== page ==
The Nuclear Renaissance and International Security
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They probe critical issues relating to the nuclear renaissance, including if and how peaceful nuclear programs contribute to nuclear weapons proliferation, whether the diffusion of nuclear technologies lead to an increase in the trafficking of nuclear materials, and under what circumstances the diffusion of nuclear technologies and latent nuclear weapons capabilities can influence international stability and conflict. The book will help scholars and policymakers understand why countries are pursuing nuclear energy and evaluate whether this is a trend we should welcome or fear.
question could acquire the know-how to make nuclear weapons, since “the same people that help you design and build nuclear reactors have many of the skill sets you will need if you are going to build a nuclear weapon” (Murphy 2007). There is also an expectation that these skills can affect the politics in the neighborhood: Even if the majority of new nuclear plans never come to fruition, mere highlevel discussion of the nuclear energy option can lead neighboring states to develop nuclear
Happen? 67 and economic prosperity for the aspirant country. As well, sales of nuclear technology provide suppliers with potential leverage over the buyer nations that, in turn, become indebted to them for a long period and may have to rely heavily on these suppliers to maintain and operate the facilities. As a result, it is to the advantage of both buyers and suppliers to hype the power, prestige, and ambiguity associated with nuclear technology. Is acquisition of nuclear energy technology a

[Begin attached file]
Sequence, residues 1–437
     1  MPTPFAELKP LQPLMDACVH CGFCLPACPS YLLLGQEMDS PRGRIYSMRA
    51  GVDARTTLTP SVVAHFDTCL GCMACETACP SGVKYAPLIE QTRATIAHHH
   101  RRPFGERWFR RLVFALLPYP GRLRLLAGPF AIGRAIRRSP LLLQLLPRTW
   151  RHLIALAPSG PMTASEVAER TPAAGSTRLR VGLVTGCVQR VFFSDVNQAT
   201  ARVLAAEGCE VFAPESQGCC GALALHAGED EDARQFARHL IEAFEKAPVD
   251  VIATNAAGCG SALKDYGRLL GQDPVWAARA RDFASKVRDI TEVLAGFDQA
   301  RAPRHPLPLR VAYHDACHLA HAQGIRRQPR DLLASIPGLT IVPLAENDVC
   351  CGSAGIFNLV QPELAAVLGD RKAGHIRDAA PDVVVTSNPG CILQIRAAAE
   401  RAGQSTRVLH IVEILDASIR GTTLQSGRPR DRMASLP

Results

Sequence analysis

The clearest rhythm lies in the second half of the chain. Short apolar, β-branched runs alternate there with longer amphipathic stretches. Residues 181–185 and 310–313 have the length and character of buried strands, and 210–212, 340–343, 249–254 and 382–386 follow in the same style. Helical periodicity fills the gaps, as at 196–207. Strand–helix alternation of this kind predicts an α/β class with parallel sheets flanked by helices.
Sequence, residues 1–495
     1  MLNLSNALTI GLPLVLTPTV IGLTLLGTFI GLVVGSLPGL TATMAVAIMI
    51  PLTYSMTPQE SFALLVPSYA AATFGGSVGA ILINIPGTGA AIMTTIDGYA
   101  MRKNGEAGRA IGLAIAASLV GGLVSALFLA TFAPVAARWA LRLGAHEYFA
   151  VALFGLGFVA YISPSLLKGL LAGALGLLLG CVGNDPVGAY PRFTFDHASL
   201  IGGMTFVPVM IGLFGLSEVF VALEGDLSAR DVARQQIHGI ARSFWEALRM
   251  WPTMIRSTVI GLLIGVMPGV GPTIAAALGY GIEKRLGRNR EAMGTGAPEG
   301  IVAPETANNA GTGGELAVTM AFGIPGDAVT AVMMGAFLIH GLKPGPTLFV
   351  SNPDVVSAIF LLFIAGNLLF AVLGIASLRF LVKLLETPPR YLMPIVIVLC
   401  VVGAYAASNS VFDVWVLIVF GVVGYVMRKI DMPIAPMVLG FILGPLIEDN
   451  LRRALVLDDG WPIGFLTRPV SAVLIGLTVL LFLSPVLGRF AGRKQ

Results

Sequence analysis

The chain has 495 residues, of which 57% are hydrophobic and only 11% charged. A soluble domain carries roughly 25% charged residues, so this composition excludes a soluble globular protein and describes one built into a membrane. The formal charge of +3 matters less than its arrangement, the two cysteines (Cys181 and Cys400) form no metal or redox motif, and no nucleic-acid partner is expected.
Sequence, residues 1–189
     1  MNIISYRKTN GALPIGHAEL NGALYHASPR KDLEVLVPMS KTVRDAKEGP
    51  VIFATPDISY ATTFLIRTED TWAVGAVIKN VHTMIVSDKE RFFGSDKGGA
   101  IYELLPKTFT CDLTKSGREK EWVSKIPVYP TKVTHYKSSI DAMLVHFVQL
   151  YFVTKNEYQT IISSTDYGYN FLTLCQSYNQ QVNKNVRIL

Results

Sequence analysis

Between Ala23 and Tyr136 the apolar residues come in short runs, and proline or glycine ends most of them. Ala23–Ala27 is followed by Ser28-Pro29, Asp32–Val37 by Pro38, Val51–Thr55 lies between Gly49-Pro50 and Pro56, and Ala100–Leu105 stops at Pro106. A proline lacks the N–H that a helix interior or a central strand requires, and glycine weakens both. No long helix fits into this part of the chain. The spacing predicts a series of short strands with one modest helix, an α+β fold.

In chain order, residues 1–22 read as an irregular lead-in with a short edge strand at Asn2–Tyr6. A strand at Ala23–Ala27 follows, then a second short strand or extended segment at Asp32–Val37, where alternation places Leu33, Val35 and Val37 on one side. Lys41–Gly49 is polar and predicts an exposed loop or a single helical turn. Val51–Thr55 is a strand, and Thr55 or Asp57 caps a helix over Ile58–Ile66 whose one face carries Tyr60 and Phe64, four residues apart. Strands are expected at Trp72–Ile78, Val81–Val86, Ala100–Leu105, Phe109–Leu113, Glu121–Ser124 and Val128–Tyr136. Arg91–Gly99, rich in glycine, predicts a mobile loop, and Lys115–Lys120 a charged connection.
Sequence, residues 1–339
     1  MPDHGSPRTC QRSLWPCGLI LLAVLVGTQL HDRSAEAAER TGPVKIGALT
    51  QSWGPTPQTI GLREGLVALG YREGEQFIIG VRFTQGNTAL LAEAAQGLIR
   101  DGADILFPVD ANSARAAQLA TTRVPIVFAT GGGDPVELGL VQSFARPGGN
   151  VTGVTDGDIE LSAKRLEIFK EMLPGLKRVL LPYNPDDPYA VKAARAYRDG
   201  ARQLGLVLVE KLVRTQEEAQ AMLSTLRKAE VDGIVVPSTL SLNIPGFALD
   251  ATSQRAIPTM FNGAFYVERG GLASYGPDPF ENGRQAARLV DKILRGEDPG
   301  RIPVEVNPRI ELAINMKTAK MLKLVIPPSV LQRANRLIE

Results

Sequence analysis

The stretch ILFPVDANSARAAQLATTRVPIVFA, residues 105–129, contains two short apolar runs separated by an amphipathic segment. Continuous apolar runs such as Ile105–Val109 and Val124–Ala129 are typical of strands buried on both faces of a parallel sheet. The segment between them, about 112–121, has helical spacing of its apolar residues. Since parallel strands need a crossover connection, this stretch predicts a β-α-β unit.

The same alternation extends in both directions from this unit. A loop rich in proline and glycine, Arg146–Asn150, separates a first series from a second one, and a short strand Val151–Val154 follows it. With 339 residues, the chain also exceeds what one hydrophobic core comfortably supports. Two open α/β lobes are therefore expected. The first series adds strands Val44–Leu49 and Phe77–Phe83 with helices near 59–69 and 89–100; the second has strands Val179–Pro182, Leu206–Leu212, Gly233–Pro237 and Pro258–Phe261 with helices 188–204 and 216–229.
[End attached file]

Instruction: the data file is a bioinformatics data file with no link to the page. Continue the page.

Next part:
promising. The counterpoint to this pessimism might be the non-finding about domestic regime type in Gourley and Stulberg’s analysis of the drivers of nuclear power plant construction. They find that two drivers matter a lot: the size of the domestic economy, and energy security (defined as dependence on imported energy sources).4 Politics is notable by its absence: Neither a standard scale of democracy–authoritarian regime type nor an indicator of regime durability seems to matter for nuclear
power plant construction. Yet this non-finding can be taken a number of ways. It could mean that the domestic politics of nuclear energy does not really matter on the assumption that, if it did, democracies should be different from nondemocracies in their propensity to rely on nuclear energy. But the non-finding is equally consistent with the possibility that domestic politics matters everywhere. What the analysis shows is a lack of difference between regime types on one particular indicator of
develop the bomb. This result emerges, Montgomery argues, because certain countries are unable to utilize technologies provided from foreign sources. In particular, neopatrimonial regimes, which are characterized by personalized rule and little or no accountability to domestic actors, take shortcuts by importing dual-use nuclear technology without having the capacity to absorb it properly. The result is that these countries end up taking longer to build nuclear weapons than they otherwise would